2009 Viterbi Lecture
Ming Hsieh Department of Electrical Engineering
“Codes and Coin Flips: Compression and Modeling”
Robert M. Gray
Alcatel/Lucent Technologies Professor of Communications and Networking
Department of Electrical Engineering, Stanford University
In the middle of the last century, Claude Shannon developed mathematical models of communication systems and quantified the best possible performance achievable when information sources — models of real-world signals such as speech, audio, images, and video — are communicated or stored. Shannon’s work lies at the core of modern digital communications, both theory and practice. Many of the fundamental ideas in Shannon information theory — including random processes, entropy, and coding — have parallel roles in ergodic theory, a branch of mathematics which arose in physics and which was also profoundly influenced by Shannon’s work. A few of these parallel ideas are sketched in hindsight via the deceptively simple example of coding coin flips to generate suprisingly general statistical models of information sources. The example highlights deep connections between the Shannon theory of source coding or data compression and the problem of simple modeling or simulating complicated processes. Unsuprisingly, the Viterbi algorithm makes a cameo appearance at a critical point.
Robert M. Gray is the Lucent Technologies Professor of Engineering and Professor of Electrical Engineering at Stanford University, where he has been teaching for almost 40 years. His research interests are in information theory and signal processing, especially in the theory and practice of quantization, compression, and classification.
Gray was a member of the Board of Governors of the IEEE Information Theory Group (1974-1980, 1985-1988) and of the IEEE Signal Processing Society (1998-2001). He was Associate Editor for Source Coding (1977-1980) and Editor-in-Chief (1980-1983) of the IEEE Transactions on Information Theory. He is currently the Editor-in-Chief of Foundations and Trends in Signal Processing. He was Co-Chair of the 1993 IEEE International Symposium on Information Theory and Program Co-Chair of the 1997 and 2004 IEEE International Conference on Image Processing.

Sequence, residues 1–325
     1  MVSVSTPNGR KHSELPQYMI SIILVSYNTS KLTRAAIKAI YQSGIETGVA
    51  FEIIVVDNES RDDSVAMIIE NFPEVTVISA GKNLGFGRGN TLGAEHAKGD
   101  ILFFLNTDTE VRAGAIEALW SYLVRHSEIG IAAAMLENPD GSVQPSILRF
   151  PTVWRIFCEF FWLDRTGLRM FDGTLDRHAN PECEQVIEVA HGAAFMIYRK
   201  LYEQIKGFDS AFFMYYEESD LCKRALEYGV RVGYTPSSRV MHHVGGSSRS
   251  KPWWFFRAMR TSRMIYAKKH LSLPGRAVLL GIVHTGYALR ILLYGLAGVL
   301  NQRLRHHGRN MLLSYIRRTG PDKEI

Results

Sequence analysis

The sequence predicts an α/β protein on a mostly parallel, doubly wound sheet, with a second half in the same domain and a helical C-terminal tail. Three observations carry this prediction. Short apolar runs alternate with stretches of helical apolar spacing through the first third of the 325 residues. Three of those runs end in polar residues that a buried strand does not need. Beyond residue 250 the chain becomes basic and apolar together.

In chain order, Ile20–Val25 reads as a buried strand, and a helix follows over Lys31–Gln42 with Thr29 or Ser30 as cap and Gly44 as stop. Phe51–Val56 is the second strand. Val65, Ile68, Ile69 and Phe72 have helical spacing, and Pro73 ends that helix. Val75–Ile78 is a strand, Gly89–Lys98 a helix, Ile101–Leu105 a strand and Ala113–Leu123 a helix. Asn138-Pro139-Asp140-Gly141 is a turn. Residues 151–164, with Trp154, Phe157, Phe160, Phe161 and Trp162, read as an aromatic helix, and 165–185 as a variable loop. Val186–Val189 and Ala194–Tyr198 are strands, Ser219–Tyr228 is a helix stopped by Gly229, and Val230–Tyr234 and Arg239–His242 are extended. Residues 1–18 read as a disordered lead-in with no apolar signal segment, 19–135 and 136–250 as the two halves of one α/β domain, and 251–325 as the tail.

He is a Fellow of the Institute of Mathematical Statistics and the IEEE and has held fellowships from the Japan Society for the Promotion of Science at the University of Osaka (1981), the John Simon Guggenheim Foundation at the University of Paris XI (1982), and NATO/Consiglio Nazionale delle Ricerche at the University of Naples (1990). During spring 1995 he was a Vinton Hayes Visiting Scholar at the Division of Applied Sciences of Harvard University. He is a Faculty Affiliate of the Clayman Institute for Gender Studies at Stanford University, where he will be a Faculty Research Fellow during the 2008-2009 academic year.
He was corecipient of the 1976 IEEE Information Theory Group Paper Award and the 1983 IEEE ASSP Senior Award. He was awarded an IEEE Centennial medal (1984) and an IEEE Third Millennium Medal (2000). He received the 1993 Society Award, the 1998 Technical Achievement Award, and the 2005 Meritorious Service Award from the IEEE Signal Processing Society. He received a Golden Jubilee Award for Technological Innovation (1998) and the 2008 Shannon Award from the IEEE Information Theory Society. He received the 2008 IEEE Jack S. Kilby Signal Processing Medal. He received a 2002 Presidential Award for Excellence in Science, Mathematics and Engineering Mentoring (PAESMEM) and the 2003 Distinguished Alumni in Academia Award from the University of Southern California. He is a member of the National Academy of Engineering (2007).
Robert M. Gray was born in San Diego, Calif., on November 1, 1943. He received the B.S. and M.S. degrees from M.I.T. in 1966 and the Ph.D. degree from U.S.C. in 1969, all in Electrical Engineering.